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Stainless steel properties for structural automotive applications

Pierre-Jean Cunat, Technical Director, Euro Inox, Brussels Paper presented on the occasion of the Metal Bulletin Internaitonal Automotive Materials Conference, Cologne, 21st to 23rd June 2000


1. Introduction
Among the materials that withstand corrosion, stainless steel shows an excellent resistance in a large number of atmospheres, due to a phenomenon known as passivity. Stainless Steel is protected from its environment by the formation of a very thin passive film or passive layer. It is strongly bonded to the surface, which prevents further direct contact between the metal and its more or less aggressive environment. In Stainless Steel, the passive film also has the advantage, compared, for example, to a paint layer, being self-healing. Chemical or mechanical damage to the passive film will heal or repassivate in oxidising environments. Physical and mechanical properties (toughness, strength and ductility), ease of fabrication (particularly ease of forming) excellent fatigue resistance and energy absorption capability are some of the properties of Stainless Steel which enable the specific requirements of structural components to be met. The main advantages of Stainless Steels as a structural material are the exceptional combination of relationships that are developed in paragraphs 2 and 3.

2. Fracture Toughness (K) versus Strength ()

While strength is the controlling property if a component must withstand a specific load, toughness is the limiting property if a component must be capable of absorbing a specific quantity of mechanical energy without fracturing. In engineering structures, strength often must be combined with toughness, which indicates the amount of energy absorbed during the deformation and fracture. Austenitic and duplex Stainless Steels (Fe-Cr-Ni (Mo) alloys) and ceramics are compared in table 1. With the exception of austenitic and duplex Stainless Steels, most of the engineering materials, with high strength range go through a transition from ductile behaviour at room temperature to brittle at low temperatures. Thus to prevent brittle, i.e. catastrophic, failure, the service temperature of the structural component must be higher than the materials ductile to brittle transition temperature. With austenitic and duplex Stainless Steels, the fracture toughness is independent of the temperature in the range of -200 C to 50 C.

Table 1: Yield strength and toughness comparison between austenitic Stainless Steels and ceramics

Material Ceramics Austenitic and duplex Stainless Steels

Yield strength (MPa) 140 - 450 240 - 1500

Toughness: Fracture Energy K (MPa x m1/2) 5 100


3. Material Properties for Lightweight Structural Design

The specific types of Stainless Steel under consideration in this application belong to two families according to their alloying element composition, which determines their metallurgical structure as well as mechanical properties. These two families are: a) Duplex austenitic-ferritic stainless steel The most commonly used duplex grade is 0.02% C 22% Cr 5.5% Ni 3% Mo 0.15% N alloy, whose standard European designation is X2CrNiMoN22-53 / 1.4462. b) Austenitic stainless steel These steels have chromium (18 to 30 per cent) and nickel (6 to 20 per cent) as the major alloying elements. The austenitic phase is stabilised by the presence of a sufficient amount of nickel. The principal characteristics are the ductile austenitic condition, rapid hardenability by cold working and excellent corrosion resistance. One of the most commonly used grade for structural applications is the 0.02% C 17.5% Cr 7% Ni 0.15% N alloy, whose standard European designation is X2CrNiN 18-7/1.4318.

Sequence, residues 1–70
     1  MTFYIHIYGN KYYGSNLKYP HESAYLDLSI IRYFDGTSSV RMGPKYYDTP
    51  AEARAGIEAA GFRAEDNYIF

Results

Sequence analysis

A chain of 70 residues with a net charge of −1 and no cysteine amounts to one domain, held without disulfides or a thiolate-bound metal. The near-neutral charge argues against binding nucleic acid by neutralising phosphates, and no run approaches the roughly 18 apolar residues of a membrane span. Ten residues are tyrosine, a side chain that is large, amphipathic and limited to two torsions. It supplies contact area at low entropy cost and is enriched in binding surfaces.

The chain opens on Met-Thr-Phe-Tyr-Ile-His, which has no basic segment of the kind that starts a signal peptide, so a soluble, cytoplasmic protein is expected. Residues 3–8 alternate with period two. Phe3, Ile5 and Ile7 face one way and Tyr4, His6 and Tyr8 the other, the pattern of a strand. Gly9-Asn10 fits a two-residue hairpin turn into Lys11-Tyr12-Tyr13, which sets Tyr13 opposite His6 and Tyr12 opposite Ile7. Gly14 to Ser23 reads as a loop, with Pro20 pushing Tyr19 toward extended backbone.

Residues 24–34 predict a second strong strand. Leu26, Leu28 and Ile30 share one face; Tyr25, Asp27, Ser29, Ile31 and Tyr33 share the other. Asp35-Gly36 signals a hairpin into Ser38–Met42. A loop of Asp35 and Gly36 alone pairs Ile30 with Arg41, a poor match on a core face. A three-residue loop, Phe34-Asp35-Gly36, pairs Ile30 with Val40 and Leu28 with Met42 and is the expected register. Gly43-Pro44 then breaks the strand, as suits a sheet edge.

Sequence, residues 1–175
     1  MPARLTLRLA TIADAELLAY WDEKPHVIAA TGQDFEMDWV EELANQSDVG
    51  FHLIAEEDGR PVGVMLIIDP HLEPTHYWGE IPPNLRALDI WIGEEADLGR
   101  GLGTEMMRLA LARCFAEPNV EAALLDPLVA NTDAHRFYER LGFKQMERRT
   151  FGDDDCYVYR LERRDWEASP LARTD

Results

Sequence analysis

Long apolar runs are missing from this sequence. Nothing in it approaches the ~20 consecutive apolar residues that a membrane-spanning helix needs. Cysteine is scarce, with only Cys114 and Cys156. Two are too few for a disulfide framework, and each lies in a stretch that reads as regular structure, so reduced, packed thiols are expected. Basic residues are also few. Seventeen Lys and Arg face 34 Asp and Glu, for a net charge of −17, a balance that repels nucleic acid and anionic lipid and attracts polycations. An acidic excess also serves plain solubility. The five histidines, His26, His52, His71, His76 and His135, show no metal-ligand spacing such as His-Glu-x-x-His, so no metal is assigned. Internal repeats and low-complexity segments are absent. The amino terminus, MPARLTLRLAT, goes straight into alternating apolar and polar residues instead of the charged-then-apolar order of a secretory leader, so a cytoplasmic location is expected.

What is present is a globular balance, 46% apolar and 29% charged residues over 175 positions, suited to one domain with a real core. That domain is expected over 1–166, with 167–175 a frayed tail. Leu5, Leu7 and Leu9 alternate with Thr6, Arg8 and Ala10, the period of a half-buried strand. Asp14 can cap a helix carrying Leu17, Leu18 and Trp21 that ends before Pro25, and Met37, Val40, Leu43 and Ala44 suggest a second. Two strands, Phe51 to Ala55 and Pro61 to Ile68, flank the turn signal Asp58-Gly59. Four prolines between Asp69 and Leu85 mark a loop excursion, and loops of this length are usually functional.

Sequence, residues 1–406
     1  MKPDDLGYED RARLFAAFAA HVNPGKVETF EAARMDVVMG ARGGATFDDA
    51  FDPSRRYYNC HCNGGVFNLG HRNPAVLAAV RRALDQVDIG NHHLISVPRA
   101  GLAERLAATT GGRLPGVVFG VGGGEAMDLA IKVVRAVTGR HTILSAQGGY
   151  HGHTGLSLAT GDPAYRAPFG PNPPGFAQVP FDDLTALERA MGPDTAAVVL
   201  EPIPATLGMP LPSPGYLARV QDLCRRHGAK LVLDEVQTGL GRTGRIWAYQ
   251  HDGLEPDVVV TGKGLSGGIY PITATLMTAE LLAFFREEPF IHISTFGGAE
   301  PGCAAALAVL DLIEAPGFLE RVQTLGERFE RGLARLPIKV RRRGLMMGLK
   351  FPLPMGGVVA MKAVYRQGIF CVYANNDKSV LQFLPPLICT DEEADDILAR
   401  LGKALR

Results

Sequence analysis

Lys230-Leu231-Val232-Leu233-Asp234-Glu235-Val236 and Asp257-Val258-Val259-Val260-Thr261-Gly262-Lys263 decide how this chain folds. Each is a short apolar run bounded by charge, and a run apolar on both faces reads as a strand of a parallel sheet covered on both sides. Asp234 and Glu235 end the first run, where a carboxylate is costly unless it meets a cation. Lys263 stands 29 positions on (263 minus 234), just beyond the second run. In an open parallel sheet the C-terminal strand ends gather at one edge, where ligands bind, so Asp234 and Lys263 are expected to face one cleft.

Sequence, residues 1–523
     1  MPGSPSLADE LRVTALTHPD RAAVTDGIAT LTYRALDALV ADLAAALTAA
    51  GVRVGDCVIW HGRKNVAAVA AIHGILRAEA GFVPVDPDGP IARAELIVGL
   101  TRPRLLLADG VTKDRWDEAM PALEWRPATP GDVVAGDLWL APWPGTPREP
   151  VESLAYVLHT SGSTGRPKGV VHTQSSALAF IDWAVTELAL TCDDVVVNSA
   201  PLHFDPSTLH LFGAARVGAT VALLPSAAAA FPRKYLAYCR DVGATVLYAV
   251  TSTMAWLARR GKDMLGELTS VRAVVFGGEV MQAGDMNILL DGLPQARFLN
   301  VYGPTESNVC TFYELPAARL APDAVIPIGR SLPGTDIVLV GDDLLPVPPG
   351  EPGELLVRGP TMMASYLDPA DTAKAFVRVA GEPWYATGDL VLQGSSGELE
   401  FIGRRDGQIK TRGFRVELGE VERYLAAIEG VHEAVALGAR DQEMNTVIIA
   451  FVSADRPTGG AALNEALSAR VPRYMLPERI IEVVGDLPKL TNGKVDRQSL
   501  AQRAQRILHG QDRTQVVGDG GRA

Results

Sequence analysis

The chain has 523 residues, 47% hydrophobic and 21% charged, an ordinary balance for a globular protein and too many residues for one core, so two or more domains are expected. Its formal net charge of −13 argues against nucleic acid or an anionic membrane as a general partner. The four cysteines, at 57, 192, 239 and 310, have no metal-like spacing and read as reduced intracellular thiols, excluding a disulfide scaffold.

3.1 Youngs Modulus (E) versus Density ()

The stress-strain relationship (in its linear part) is usually described by Youngs modulus: E = /, where is the true stress and is the true strain. Specific stiffness E/ is a reliable indicator of material performance in bending. A simple comparison of specific stiffness gives a good indication of stiffness resistance of different materials. As it can be seen in table 2, the specific stiffness of Stainless Steel is very similar to that of aluminium alloy and the HSLA steel, which means that the three materials can all be considered as light materials.

Table 2: Specific stiffness of Stainless Steels, 6061 aluminium alloy and high strength steel

Property Density: (g/cm3) Density relative to steel Youngs modulus: E (kN/mm2) Specific stiffness E/ (kN/ mm2/g/cm3)

Duplex Stainless Steel 7.8

Austenitic Stainless Steel 7.9

6061 Aluminium Alloy 2.7

High Strength HSLA 7.83









25 2


3.2 Strength (s) versus Density ()

Specific strength i.e. the ratio between yield stress (o) and density () is another relationship characterising the engineering properties of different materials. As it can be seen in table 3, the specific strength (o/), the specific strength of the austenitic Stainless Steel in the cold worked condition, is much higher than the one for the other materials.